“By the end of this year, the contents of all 1,800 courses taught at one of the world’s most prestigious universities will be available online to anyone in the world, anywhere in the world. Learners won’t have to register for the classes, and everyone is accepted.
The cost? It’s all free of charge.
The OpenCourseWare movement, begun at the Massachusetts Institute of Technology (MIT) in 2002 and now spread to some 120 other universities worldwide, aims to disperse knowledge far beyond the ivy-clad walls of elite campuses to anyone who has an Internet connection and a desire to learn.
Intended as an act of “intellectual philanthropy,” OpenCourseWare (OCW) provides free access to course materials such as syllabi, video or audio lectures, notes, homework assignments, illustrations, and so on. So far, by giving away their content, the universities aren’t discouraging students from enrolling as students. Instead, the online materials appear to be only whetting appetites for more.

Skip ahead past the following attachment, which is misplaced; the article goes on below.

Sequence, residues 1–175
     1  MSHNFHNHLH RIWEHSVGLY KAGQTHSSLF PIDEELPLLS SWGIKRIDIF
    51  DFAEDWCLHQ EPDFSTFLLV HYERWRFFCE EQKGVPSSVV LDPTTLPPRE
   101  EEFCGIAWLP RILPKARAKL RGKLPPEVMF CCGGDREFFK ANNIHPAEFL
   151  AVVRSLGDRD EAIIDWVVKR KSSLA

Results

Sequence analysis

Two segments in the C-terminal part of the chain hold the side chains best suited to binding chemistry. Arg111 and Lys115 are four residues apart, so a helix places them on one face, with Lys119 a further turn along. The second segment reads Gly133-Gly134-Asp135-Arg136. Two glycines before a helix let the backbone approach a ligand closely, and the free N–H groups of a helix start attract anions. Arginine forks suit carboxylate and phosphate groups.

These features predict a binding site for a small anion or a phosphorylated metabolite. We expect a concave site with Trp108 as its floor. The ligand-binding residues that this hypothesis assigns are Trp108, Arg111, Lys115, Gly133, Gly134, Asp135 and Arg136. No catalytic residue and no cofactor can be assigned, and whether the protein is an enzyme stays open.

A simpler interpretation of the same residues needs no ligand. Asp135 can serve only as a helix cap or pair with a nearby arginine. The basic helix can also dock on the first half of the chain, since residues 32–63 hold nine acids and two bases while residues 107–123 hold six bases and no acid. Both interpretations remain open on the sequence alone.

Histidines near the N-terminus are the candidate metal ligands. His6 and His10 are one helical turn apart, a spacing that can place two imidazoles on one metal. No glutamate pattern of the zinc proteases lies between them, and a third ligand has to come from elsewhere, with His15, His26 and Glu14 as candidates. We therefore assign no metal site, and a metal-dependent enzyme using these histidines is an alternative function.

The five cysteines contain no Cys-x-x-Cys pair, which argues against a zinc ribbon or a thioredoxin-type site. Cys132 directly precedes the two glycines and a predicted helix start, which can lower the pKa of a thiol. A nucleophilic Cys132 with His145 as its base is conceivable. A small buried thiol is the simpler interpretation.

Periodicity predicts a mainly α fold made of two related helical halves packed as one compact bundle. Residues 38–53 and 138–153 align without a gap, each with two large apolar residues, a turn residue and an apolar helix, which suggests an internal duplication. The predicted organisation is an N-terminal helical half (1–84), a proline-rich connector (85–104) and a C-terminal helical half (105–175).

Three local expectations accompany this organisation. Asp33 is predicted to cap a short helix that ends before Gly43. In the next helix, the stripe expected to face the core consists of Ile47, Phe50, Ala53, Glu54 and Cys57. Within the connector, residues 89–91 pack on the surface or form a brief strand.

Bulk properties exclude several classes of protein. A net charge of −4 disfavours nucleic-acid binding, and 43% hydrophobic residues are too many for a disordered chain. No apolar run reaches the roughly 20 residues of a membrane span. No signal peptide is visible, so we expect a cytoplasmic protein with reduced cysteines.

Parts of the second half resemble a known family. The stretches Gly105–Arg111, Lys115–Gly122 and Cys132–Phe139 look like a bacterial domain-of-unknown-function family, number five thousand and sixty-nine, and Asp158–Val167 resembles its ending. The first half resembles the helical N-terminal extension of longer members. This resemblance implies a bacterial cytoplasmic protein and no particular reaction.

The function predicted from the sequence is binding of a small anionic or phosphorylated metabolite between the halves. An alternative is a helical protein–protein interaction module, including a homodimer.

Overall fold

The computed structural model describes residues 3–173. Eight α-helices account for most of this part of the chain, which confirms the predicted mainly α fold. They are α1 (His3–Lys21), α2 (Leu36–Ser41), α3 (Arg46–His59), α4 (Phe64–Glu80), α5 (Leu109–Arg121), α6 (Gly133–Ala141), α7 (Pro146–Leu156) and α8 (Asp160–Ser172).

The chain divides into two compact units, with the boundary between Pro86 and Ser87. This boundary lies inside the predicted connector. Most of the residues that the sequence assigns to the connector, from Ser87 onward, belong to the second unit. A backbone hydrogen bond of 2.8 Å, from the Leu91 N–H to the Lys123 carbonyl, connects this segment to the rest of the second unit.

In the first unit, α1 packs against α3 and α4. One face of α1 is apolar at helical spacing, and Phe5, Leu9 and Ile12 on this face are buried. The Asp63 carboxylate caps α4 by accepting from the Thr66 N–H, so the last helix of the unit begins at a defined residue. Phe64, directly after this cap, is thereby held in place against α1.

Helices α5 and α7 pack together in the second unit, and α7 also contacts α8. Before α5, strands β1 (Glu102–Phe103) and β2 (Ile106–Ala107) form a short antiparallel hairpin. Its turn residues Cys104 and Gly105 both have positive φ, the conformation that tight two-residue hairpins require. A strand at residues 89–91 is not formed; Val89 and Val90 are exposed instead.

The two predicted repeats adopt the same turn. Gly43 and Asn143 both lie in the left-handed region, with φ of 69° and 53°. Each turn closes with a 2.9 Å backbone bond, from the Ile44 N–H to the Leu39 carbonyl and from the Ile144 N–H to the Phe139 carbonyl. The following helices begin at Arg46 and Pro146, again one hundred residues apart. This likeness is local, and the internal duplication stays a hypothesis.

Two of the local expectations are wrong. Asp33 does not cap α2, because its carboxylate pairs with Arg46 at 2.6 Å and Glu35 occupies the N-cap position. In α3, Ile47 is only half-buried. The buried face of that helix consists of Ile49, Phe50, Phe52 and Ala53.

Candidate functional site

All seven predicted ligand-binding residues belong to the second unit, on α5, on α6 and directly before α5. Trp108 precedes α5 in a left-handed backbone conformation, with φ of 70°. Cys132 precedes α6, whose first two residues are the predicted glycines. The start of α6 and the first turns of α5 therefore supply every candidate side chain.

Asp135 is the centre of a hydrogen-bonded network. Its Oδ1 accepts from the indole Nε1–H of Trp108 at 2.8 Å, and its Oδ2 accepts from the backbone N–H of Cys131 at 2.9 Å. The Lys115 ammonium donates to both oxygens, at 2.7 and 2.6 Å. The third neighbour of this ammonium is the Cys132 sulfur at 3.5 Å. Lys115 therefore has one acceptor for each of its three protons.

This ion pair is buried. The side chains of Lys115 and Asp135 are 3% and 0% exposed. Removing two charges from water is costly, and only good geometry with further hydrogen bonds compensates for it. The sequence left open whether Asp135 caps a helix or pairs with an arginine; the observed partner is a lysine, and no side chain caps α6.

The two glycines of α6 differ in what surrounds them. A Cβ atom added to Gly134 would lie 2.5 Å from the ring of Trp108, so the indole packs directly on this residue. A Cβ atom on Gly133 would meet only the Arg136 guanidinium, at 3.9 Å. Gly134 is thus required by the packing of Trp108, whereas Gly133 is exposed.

“We believe strongly that education can be best advanced when knowledge is shared openly and freely,” says Anne Margulies, executive director of the OCW program at MIT. “MIT is using the power of the Internet to give away all of the educational materials created here.”
A couple of remarks about this program some of which are contained within the story itself.
One of the highlights of college is the chance to interact with other students. It is good to be exposed to their questions and comments about the material. The obvious challenge here is that this interaction doesn’t exist.
On the other hand the benefits that this offer outweigh the negative.